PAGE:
The Blue Lagoon is one of Iceland's most famous attractions - but few of those who relax in its hot, powder-blue depths realise that they are bathing in waste water from the Svartsengi geothermal power station, just a little way off.
The station ensures nearby towns have plenty of energy and hot water, in the process producing carbon dioxide - a gas long known to contribute to global warming.
But Carbon Recycling International has discovered a clever way to use this CO2 - by sending it to the UK for use in our cars.
Carbon Recycling International takes the CO2 from Svartsengi and transforms it into methanol.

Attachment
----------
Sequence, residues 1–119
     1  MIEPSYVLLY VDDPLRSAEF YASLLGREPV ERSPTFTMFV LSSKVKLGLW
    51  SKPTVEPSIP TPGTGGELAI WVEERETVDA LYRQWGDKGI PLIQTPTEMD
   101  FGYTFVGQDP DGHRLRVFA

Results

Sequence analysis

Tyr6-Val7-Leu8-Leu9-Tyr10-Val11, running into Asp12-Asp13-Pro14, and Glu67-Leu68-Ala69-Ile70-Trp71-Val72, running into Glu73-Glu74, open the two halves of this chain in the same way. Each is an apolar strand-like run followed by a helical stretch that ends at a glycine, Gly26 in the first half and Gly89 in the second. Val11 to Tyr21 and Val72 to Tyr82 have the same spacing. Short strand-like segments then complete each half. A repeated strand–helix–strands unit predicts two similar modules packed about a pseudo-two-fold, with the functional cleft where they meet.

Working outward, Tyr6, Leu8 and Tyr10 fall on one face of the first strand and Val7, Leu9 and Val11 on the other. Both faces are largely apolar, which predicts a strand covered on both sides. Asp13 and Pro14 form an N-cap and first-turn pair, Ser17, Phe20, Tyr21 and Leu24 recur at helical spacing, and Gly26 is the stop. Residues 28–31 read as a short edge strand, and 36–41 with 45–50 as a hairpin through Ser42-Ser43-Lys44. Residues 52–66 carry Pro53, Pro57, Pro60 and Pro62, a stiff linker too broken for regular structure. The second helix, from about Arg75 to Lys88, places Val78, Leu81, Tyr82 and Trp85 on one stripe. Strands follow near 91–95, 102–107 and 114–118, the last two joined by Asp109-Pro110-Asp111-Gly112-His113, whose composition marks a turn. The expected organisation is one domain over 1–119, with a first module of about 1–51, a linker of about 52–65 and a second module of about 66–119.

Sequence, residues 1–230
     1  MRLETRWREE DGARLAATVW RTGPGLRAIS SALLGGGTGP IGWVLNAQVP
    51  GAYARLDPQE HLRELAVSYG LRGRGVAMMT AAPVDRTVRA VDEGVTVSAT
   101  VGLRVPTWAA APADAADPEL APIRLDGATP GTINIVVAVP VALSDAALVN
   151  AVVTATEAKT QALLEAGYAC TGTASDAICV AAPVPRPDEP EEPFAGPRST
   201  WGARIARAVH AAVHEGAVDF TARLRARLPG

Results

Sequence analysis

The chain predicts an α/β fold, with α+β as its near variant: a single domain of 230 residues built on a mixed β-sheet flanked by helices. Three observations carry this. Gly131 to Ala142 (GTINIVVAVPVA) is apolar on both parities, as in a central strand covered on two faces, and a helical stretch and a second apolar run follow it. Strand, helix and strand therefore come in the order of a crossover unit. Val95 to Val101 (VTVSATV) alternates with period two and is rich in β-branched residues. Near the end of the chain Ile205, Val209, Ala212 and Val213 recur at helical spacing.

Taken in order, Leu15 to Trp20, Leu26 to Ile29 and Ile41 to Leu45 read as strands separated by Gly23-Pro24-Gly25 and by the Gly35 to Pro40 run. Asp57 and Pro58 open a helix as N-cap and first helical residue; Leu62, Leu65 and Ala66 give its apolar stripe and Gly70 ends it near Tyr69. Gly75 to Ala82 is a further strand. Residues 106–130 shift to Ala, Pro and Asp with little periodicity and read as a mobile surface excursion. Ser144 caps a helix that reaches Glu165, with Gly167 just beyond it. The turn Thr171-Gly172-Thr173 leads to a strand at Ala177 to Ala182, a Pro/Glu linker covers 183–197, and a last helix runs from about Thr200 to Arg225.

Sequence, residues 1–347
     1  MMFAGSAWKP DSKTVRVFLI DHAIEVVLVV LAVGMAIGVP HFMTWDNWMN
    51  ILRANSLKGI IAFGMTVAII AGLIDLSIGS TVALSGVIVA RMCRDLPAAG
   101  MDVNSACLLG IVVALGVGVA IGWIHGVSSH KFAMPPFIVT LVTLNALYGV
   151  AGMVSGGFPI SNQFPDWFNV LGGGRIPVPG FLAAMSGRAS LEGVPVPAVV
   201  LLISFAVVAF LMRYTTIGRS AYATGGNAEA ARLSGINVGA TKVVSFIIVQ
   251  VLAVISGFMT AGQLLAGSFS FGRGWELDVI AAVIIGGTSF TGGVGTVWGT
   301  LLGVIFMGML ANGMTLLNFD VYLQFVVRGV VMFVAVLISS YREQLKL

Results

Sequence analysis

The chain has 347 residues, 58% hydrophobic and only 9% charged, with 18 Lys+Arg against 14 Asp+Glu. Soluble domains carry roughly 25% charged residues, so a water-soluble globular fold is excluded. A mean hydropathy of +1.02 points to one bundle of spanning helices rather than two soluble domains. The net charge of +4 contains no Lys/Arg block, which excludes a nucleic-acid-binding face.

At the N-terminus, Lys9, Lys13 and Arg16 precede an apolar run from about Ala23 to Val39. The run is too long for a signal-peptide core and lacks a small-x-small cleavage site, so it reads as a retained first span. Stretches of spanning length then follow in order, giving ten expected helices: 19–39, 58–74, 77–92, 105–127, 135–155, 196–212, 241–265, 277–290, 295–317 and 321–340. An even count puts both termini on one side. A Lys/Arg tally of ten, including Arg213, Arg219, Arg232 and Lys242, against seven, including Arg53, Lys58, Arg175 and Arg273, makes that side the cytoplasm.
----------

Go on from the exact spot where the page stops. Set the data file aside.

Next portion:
23,000 litres of methanol will then be shipped to the UK, where it will be blended with regular petrol. The methanol will only constitute 3 parts per 100 of the final fuel, but it remains an impressive way to use a waste product which would otherwise be released into the atmosphere.
The total amount of methanol will be enough to fuel 40 cars for a year. This may not sound like much for a nation with more than 25 million cars on the road, but it demonstrates where technology could take us in the future.
Indeed, if Iceland could ramp up production, the proceeds for the small island nation could be significant.
Speaking to Wired.co.uk, Jamie Turner, professor of engines and energy systems at the University of Bath, said: “The fuel market in Europe is enormous – and any company that gets three per cent of the fuel market would be a huge revenue earner.”